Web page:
My experience with this toxic practicing culture made me feel like there were two options. I could make my whole life about practicing, neglecting my physical health and my mental health, not to mention my studies. Or the other option…rebel. Choose NOT to make my life about practicing. Do other things. Read. Watch TV. Be in love. Take classes about non-musical subjects. Be friends with people who aren’t musicians. Go to the gym (a subject for another time). This is the path I chose, and because I was an arrogant, judgmental, 18-year-old jerk just like everyone else, I took pride in the fact that I could get by without practicing. The short-term gains were great. People were jealous because I got to say that I barely practiced, but I still got to have amazing performance opportunities. It wasn’t fair.

And yet. The long-term results of this rebellion were: stasis (if you don’t practice, you don’t get better), and an inability to make myself want to practice, because I had spent years being rewarded for not practicing. Lots of questioning and feeling sorry for myself ensued: Why is it harder now? Life is unjust. Time to hide in bed and avoid practicing. All of this compounded the problem, resulting in a turbulent cycle of not practicing, feeling guilty, making grand proclamations about practicing every day for 5 hours for the rest of my life, failing on the first day, feeling overwhelmed, hiding in bed, and starting over.

I finished my conservatory studies five-and-a-half years ago, and only now am I learning how to deal with the pressure and baggage of practicing, how to set reasonable goals for myself, how to have my own voice as a musician and artist without comparing myself to others, and how to be kind to myself when I don’t live up to my perfectionistic expectations.

I hope to explore all of this and more this year, and invite you to join me! If you saw my video or read this post and found any of it helpful or cathartic, that’s awesome and it means so much to me. Thank you for your time, and please come back in March for the next installment(s) of 12 Months of Practicing!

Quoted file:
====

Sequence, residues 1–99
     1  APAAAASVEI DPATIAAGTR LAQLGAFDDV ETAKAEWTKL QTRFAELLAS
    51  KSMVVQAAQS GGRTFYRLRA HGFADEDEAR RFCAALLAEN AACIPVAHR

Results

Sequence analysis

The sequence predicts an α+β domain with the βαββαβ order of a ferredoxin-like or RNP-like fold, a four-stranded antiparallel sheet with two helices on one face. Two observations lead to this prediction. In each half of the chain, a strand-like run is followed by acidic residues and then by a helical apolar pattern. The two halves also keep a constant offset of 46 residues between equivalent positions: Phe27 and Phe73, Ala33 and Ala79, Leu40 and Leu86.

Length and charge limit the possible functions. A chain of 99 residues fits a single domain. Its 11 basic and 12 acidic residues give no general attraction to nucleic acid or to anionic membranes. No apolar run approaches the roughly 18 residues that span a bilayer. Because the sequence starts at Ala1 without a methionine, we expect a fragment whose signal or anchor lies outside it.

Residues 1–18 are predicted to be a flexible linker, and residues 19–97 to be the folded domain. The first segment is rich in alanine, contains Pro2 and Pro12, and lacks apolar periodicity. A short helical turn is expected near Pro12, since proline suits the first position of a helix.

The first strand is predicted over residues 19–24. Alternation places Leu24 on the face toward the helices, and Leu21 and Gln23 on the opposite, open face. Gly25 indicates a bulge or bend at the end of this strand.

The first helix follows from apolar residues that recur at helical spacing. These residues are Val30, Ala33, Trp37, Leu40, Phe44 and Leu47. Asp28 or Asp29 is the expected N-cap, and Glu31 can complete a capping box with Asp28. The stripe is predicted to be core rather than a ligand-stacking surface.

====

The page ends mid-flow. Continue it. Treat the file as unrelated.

The Beauty of the Protest

The Beauty of the Protest

“I wanted people to see the beauty of the protest”
-Devin Allen, Baltimore photographer whose photos of the 2015 Uprising inspired Judah Adashi to write The Beauty of the Protest.

Today is a day filled with mixed emotions for me. On the one hand, my husband and I are both experiencing professional success, achieving things that have been on our want-to-accomplish list for some time now. Together, we are releasing a recording of a piece that he wrote for me called The Beauty of the Protest for singing cellist. Also happening today is an extremely important event that Judah runs called RiseBmore, that I am proud to play a small part in this year. These are wonderful successes that we both worked very hard to accomplish.
On the other hand, the reason this day is significant is not actually because of our release, or because of RiseBmore. In fact, neither the piece nor the event would even exist if the Baltimore Uprising of 2015 hadn’t happened. And the whole reason the Uprising happened is because two years ago today, Freddie Gray died. And all of this, ultimately, is about and because of him. 
I never knew Freddie Gray, but we were both born in 1989. He would have turned 28 this year a few weeks before I did, if he were still alive. He’ll never know that people marched for him, that people chanted his name on the streets of Baltimore. My husband wrote his name in his piece, and I sing it, but he will never know either of us.

In The Beauty of the Protest, Judah brilliantly deconstructs the chant “all night, all day, we will fight for Freddie Gray,” quoting directly from the Uprising itself. One of the ways to keep fighting is to remember him. Judah has done that by writing this piece, and I have taken part by playing and singing it. Now that I have sung those words, I will never forget that I have to keep fighting. The best outcome of this piece is that it becomes irrelevant - a historical artifact, after the true end of the danger Black Men and Women face every day. Unfortunately our country is not even close to that point yet, so we have to keep fighting, and remembering.

It is important to note that The Beauty of the Protest is as much about and inspired by the city of Baltimore as it is about Freddie Gray. I am not a Baltimore native. I love this city more and more every year that I live here. It is a raw, unusual, and beautiful place unlike any other - I have done my best to represent that in the way I play and sing this piece.

P.S. I have no interest in telling anyone how to listen to a piece of music, but I want to say a few words about how I approached this one because it is the first recording I’ve ever made of myself singing and playing at the same time:
I always wondered why Judah decided it should be for singing cellist, instead of a singer and a cellist - why one person instead of two? Judah will tell you that it’s because he loves hearing me sing in the house and he wanted to write for my voice, which is very sweet, but I’m not a singer. My thought, though, is that it would feel wrong for this piece to be played by two people - it isn’t chamber music, and it’s also not a piece for solo singer with cello accompaniment. I find this dichotomy to be incredibly important to my interpretation of the piece. There is struggle, and there is ease. There is light and there is dark. There is the chant of many being sung by one. There is, as Devin Allen says, beauty in the protest.